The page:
Mill Alley Partners v. Wallace – 11/20/2014
Arizona Court of Appeals Division One holds that trial courts have no discretion to grant a new trial for erroneously submitting the equitable defenses of laches and estoppel to a jury absent fundamental error.
Mill Alley Partners (“Mill Alley”) leased the second floor of a Tempe building to William Wallace for use as a nightclub. Wallace sold the nightclub in early 2003 and, in connection with the sale, guaranteed the first 36 months of a new lease between Mill Alley and the new owner.
The new owner failed to pay rent and ultimately closed the nightclub seven months into the lease. In October 2009, Mill Alley sued Wallace for breach of his guaranty. In answering the complaint, Wallace alleged that Mill Alley’s claim was barred by laches, estoppel and the applicable six-year statute of limitations.
During trial, the superior court instructed the jury that Mill Alley’s claim accrued for purposes of the statute of limitations upon a material breach of the guaranty by Wallace. Neither party objected to the proposed instructions regarding laches or equitable estoppel, nor to allowing the jury to decide those equitable defenses. The jury eventually returned a general verdict in favor of Wallace.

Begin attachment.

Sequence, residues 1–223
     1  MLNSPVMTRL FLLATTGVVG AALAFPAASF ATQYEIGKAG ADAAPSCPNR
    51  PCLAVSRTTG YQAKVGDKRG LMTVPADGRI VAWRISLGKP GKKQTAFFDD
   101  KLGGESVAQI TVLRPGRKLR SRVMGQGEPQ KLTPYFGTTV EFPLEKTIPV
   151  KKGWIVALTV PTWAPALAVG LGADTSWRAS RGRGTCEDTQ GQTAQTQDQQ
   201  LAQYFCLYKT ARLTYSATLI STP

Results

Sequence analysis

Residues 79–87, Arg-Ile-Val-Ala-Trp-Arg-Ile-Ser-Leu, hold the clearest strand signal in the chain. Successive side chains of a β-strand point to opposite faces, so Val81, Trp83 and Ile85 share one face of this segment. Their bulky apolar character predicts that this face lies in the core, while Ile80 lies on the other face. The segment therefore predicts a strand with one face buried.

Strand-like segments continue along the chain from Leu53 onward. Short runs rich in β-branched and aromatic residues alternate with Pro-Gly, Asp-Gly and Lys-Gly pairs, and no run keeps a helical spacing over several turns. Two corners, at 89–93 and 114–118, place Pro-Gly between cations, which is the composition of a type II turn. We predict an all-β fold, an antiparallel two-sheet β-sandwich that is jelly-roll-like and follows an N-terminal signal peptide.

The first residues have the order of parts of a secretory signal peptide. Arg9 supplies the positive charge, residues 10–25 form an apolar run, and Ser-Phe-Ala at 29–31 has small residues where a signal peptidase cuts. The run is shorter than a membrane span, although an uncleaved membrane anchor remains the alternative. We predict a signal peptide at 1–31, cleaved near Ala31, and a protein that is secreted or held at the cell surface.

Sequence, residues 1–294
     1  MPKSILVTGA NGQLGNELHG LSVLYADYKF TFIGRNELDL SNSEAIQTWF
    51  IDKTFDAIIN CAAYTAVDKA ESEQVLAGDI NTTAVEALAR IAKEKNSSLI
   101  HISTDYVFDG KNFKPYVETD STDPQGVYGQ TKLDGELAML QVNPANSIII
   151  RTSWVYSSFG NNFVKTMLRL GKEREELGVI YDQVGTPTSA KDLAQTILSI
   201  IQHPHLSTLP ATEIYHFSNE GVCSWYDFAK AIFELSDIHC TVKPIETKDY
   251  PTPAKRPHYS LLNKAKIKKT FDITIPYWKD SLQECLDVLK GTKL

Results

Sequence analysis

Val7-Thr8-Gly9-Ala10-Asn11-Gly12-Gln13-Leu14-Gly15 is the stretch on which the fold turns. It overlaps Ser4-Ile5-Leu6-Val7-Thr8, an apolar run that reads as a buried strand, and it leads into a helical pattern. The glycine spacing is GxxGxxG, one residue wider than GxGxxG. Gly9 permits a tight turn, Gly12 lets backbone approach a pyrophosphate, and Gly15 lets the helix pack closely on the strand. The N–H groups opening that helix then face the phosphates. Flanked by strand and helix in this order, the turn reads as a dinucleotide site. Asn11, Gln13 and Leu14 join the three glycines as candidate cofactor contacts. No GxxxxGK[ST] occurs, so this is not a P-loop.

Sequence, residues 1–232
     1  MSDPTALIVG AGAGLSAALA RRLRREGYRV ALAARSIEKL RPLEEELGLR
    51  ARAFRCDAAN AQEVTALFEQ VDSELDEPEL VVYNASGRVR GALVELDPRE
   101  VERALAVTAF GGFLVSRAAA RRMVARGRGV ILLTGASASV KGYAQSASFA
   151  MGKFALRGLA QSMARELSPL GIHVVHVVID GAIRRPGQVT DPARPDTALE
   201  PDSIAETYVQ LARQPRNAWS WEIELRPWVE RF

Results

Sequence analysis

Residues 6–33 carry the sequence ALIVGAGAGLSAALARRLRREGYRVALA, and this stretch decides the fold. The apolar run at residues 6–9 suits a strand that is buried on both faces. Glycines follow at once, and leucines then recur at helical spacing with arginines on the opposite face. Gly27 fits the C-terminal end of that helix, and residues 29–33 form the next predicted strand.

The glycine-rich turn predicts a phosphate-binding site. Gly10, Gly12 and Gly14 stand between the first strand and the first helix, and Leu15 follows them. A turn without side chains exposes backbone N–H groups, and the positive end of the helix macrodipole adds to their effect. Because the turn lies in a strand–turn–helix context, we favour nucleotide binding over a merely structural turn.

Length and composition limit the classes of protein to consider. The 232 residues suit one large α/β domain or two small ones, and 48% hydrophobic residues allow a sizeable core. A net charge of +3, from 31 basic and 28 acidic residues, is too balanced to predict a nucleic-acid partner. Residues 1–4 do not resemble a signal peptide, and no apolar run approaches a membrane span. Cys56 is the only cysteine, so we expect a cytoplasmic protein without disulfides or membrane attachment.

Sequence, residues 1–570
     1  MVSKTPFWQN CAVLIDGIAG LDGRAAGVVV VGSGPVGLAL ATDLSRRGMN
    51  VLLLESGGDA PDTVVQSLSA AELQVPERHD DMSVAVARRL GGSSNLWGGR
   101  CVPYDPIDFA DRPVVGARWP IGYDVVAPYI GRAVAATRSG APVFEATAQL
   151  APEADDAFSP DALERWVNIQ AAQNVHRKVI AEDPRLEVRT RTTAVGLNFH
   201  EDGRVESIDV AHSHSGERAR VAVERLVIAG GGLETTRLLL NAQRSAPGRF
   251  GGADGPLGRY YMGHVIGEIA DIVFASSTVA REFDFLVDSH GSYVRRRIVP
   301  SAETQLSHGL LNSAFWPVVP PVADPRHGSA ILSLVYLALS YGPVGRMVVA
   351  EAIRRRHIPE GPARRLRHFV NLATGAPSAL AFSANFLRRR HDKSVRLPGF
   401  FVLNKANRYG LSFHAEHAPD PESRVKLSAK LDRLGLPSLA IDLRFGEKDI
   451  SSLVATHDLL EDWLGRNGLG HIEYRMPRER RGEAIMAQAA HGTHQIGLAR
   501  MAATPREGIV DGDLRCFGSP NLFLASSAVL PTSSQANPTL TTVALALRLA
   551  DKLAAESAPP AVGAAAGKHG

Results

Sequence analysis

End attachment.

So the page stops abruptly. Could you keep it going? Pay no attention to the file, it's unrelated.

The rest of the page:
A few days later, the superior court notified the parties it was considering ordering a new trial because it had erred by submitting the equitable defenses to the jury rather than deciding them itself. After further briefing, the trial court granted a new trial on the basis that it had committed fundamental error in submitting the equitable defenses to the jury. Wallace appealed from the court’s order granting the new trial.
The Arizona Court of Appeals reversed the trial court’s order, holding that Mill Alley was unable to demonstrate that it was prejudiced by the error. In Arizona, equitable doctrines such as laches and estoppel are matters for the court to decide, not the jury. Because, however, Mill Alley failed to object to the jury instructions and agreed that the jury would finally rule on those defenses, the trial court had no discretion to grant a new trial absent fundamental error.
A party claiming fundamental error must show prejudice. The Court of Appeals determined that it did not need to decide whether the trial court’s error in allowing the jury to decide whether Mill Alley’s claim was barred by laches or estoppel was fundamental because Mill Alley was unable to explain how it was prejudiced by having the jury rather than the court decide the equitable defenses.
Judge Johnsen authored the opinion, which Judges Winthrop and Gemmill joined